MIT Admissions

Massachusetts Institute of Technology


Maggie L. '12

Jun 14, 2010


Posted in: Miscellaneous

I am not your typical MIT student. In high school, I never built a robot, never coded on my TI-89, never watched Star Wars. I did not get a 223,462,346,400 on my SAT. I did not take all 27 levels of the AP Physics test (I also apparently don’t know how many AP Physics tests there are).

How did I wind up at MIT, you ask? One fateful Saturday morning while attending a community service event at my high school, I broke into the campus life center, gently harassed a staff member to let me use his computer, and screamed like I’ve never screamed before when I saw my admission letter. That day, this theater geek/runner/newspaper junkie became a MIT student.

Truth is, I’m still a theater geek/runner/newspaper junkie. Along with my major in Chemical-Biological Engineering (Course XB, for those of you up to speed on the course numbers), I’m pursuing a Theater Arts minor because there’s no combination more perfect than spike tape and mass balances, right?

I’m also on the Varsity Cross Country and Track teams here at the ‘tute, in which I get to hang out with some of the most awesome people I know. Two years ago, I would’ve laughed at you if you told me I’d be a varsity athlete in college. Now, I run the steeplechase. Finally, when night falls, I transform into Associate News Editor for MIT’s newspaper, The Tech. Some people will try to tell you engineers write numbers, not words. In this blog, I’ll prove them wrong.

Actually, people will tell you a lot about engineers. A variety of one- liners tell me “real engineers give you the feeling you’re having a conversation with a dial tone or busy signal,” “real engineers consider themselves well dressed if their socks match," and “real engineers know the second law of thermodynamics-but not their own shirt size.” Well, I know my shirt size, and breaking the engineering mold is one thing I hope to accomplish in my next MIT adventure: the Gordon-MIT Engineering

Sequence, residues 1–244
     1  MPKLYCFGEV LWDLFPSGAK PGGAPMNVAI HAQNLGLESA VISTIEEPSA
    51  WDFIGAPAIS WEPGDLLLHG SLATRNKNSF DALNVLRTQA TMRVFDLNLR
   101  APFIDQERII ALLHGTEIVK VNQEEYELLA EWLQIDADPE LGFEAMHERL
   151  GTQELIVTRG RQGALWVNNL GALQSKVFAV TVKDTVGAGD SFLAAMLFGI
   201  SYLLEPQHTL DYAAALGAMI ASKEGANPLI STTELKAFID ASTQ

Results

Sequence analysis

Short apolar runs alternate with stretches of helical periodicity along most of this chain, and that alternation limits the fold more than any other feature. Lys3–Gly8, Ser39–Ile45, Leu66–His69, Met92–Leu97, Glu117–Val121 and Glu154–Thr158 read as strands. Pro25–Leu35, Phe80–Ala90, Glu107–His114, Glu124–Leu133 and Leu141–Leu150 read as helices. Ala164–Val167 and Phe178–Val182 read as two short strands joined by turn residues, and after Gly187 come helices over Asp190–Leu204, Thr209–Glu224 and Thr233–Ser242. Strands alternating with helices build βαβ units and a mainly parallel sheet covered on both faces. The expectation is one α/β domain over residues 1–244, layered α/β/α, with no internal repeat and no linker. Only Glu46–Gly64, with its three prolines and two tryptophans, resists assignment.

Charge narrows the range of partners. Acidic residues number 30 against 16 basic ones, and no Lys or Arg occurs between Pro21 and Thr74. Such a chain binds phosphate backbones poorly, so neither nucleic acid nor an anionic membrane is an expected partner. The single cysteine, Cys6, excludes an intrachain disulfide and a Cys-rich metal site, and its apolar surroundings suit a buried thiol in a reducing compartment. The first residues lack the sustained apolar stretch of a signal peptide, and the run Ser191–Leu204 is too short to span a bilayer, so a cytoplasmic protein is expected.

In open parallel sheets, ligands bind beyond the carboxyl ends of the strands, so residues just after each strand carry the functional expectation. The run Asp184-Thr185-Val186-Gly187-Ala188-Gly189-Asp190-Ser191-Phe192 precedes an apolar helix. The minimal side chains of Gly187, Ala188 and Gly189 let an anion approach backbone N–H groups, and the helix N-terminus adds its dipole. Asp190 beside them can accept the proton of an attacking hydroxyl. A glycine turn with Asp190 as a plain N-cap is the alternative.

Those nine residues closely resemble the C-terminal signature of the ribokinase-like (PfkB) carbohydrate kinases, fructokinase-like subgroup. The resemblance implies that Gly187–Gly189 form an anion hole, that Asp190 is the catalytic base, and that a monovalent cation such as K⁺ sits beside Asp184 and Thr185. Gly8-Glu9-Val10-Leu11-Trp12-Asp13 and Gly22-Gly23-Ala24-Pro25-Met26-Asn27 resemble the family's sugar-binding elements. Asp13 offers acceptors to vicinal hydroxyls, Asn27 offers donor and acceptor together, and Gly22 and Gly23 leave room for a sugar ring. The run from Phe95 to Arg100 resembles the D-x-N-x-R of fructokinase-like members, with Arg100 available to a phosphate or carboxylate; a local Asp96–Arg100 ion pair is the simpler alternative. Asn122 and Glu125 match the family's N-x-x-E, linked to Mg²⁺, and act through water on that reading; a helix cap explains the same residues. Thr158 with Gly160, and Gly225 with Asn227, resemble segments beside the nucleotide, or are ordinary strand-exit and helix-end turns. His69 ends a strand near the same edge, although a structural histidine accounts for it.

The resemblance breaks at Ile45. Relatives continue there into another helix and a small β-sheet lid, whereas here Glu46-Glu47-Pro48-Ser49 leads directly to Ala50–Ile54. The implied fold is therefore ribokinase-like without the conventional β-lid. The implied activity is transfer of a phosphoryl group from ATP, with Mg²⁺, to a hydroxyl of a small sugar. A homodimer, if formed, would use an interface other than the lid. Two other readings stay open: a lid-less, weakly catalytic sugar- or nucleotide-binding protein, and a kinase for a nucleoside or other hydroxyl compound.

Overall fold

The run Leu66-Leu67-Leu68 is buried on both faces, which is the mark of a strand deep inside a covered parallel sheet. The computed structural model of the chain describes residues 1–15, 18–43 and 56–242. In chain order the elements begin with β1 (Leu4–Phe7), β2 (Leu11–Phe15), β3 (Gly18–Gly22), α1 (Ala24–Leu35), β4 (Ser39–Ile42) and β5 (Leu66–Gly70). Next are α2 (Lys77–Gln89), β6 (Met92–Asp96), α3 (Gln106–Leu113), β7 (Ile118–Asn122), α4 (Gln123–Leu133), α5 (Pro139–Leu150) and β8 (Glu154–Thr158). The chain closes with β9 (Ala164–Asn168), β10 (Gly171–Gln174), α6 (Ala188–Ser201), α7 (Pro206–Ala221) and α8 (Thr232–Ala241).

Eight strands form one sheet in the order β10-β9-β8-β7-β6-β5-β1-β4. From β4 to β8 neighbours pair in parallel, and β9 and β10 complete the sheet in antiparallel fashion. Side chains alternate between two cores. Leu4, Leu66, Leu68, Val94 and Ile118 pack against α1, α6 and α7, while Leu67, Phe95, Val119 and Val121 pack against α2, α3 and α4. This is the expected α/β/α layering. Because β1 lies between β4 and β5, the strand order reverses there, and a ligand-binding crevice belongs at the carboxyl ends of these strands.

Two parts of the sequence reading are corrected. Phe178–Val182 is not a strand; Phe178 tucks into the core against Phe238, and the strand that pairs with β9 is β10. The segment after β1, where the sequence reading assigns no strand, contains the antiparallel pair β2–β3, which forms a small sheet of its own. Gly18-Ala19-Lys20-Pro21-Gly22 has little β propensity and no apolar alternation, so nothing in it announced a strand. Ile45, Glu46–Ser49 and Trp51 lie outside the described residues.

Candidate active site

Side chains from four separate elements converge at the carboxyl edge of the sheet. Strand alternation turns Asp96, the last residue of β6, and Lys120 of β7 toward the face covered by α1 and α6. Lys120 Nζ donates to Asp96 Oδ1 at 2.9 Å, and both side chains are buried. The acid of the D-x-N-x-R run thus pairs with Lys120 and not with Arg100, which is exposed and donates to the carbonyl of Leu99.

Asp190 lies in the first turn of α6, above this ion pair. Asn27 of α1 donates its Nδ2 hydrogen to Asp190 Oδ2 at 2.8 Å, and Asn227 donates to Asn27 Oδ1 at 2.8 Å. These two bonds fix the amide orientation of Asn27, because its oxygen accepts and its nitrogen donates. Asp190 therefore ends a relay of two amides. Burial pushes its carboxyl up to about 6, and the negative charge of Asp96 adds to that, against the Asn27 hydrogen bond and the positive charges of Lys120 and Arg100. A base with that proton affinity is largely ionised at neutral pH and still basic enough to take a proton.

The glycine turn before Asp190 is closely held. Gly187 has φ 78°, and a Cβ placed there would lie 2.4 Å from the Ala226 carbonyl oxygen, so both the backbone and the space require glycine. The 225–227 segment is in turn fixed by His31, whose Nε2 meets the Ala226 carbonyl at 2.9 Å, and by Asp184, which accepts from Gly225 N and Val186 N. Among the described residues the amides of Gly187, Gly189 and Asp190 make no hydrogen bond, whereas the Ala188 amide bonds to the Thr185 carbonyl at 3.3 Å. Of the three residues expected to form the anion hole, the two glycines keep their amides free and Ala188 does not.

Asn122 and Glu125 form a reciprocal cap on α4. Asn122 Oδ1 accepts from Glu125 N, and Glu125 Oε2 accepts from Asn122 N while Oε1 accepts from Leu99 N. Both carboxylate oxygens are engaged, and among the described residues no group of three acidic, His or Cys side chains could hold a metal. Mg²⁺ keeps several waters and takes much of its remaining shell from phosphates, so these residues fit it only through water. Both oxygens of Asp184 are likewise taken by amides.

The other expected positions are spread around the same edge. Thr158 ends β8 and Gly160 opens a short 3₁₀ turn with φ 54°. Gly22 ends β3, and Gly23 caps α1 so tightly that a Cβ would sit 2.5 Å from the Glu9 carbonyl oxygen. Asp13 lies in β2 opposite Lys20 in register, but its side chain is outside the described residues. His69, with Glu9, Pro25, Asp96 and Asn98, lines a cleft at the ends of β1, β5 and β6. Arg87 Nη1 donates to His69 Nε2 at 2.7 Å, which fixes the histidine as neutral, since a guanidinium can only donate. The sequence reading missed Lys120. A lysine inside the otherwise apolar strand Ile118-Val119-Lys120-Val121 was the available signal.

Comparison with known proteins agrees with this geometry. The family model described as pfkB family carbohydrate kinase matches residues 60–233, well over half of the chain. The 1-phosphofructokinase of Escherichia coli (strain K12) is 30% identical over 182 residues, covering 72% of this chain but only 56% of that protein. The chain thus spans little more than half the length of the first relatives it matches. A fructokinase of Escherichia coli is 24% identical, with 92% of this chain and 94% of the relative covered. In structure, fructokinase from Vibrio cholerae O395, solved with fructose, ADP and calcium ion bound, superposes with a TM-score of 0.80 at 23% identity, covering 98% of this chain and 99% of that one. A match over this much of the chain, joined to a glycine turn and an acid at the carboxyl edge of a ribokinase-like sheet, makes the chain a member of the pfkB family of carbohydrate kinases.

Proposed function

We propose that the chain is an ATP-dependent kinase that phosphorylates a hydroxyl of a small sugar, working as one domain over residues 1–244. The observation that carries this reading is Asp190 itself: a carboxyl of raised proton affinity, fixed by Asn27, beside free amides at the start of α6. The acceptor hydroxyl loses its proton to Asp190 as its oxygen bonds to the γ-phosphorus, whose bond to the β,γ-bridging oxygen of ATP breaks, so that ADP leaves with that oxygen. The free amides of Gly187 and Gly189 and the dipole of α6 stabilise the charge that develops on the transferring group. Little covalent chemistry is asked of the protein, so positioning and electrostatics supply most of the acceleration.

Leadership (GEL) Program.

Over the course of one or two years, GEL takes engineering students at MIT and challenges them to think as engineering leaders. Through weekly engineering leadership labs, projects, and classes, students selected for GEL learn how to best tackle working in a group and take leadership roles in engineering projects.

GEL speaks to the variety of engineers on campus. In GEL, chemical engineers collaborate with electrical engineers, mechanical engineers rub elbows with aero-astro engineers. GELs work with industry mentors, participate in Internship Plus experiences, and get exposed to experiences that expose us to a world of engineering beyond the Institute’s “Ivory Tower.”

While I just got accepted to GEL, I’ve learned one thing so far: there’s no “typical” engineer at MIT. In fact, “typical” doesn’t describe anyone here, and in GEL I’m going to learn how to bring these atypical students together. Best of all, you get to share in my experiences along the way.

Comments (Closed after 30 days to reduce spam)


Posted by: Anonymous on June 14, 2010

Hey there, are you a new blogger?

Posted by: 0 on June 14, 2010

Maggie, this is wonderful!! So glad to see you're doing well at MIT! You go girl

Maggie, this is wonderful!! So glad to see you're doing well at MIT! You go girl

<3 Troubie SIster Katie K.

Posted by: Katie on June 14, 2010

Welcome to blogs,
Are you a freshman admit, or you entered as a researcher? What's that GEL by the way?

Analyzing your entry:
First you said that you were weaving baskets under water and then you got into somewhere called MIT. Okay, and people there do something useful other than getting astonishing grades. Can you tell us how come you were so lucky to get in? = What is GEL...

Posted by: Armin on June 14, 2010

Wonderful post! So many amazing programs at MIT...

Posted by: genius ('18) on June 14, 2010

Anonymous #1: Why, yes, this is my FIRST!!! blog smile
Anonymous #2: Yes! and I'm excited to be here!

Armin: I'm a member of the Class of 2012. "GEL" stands for the Gordon Engineering Leadership program, for which there is now a guest blogger (me!), so that's why "(GEL)" appears by my name instead of '12. I don't know if I can really answer your next question. Does anyone really know why they got in? I still don't, but what I do know is I'm the kind of person who doesn't just want to solve problems through engineering; I want to present solutions through leadership and writing, two things which the GEL program is letting me accomplish. If I had to sum up this program in a sentence, I'd say it's an interactive, collaborative community of engineers who, through additional classes and leadership laboratories, develop leadership skills in their junior and/or senior year(s). I hope that clarifies some things!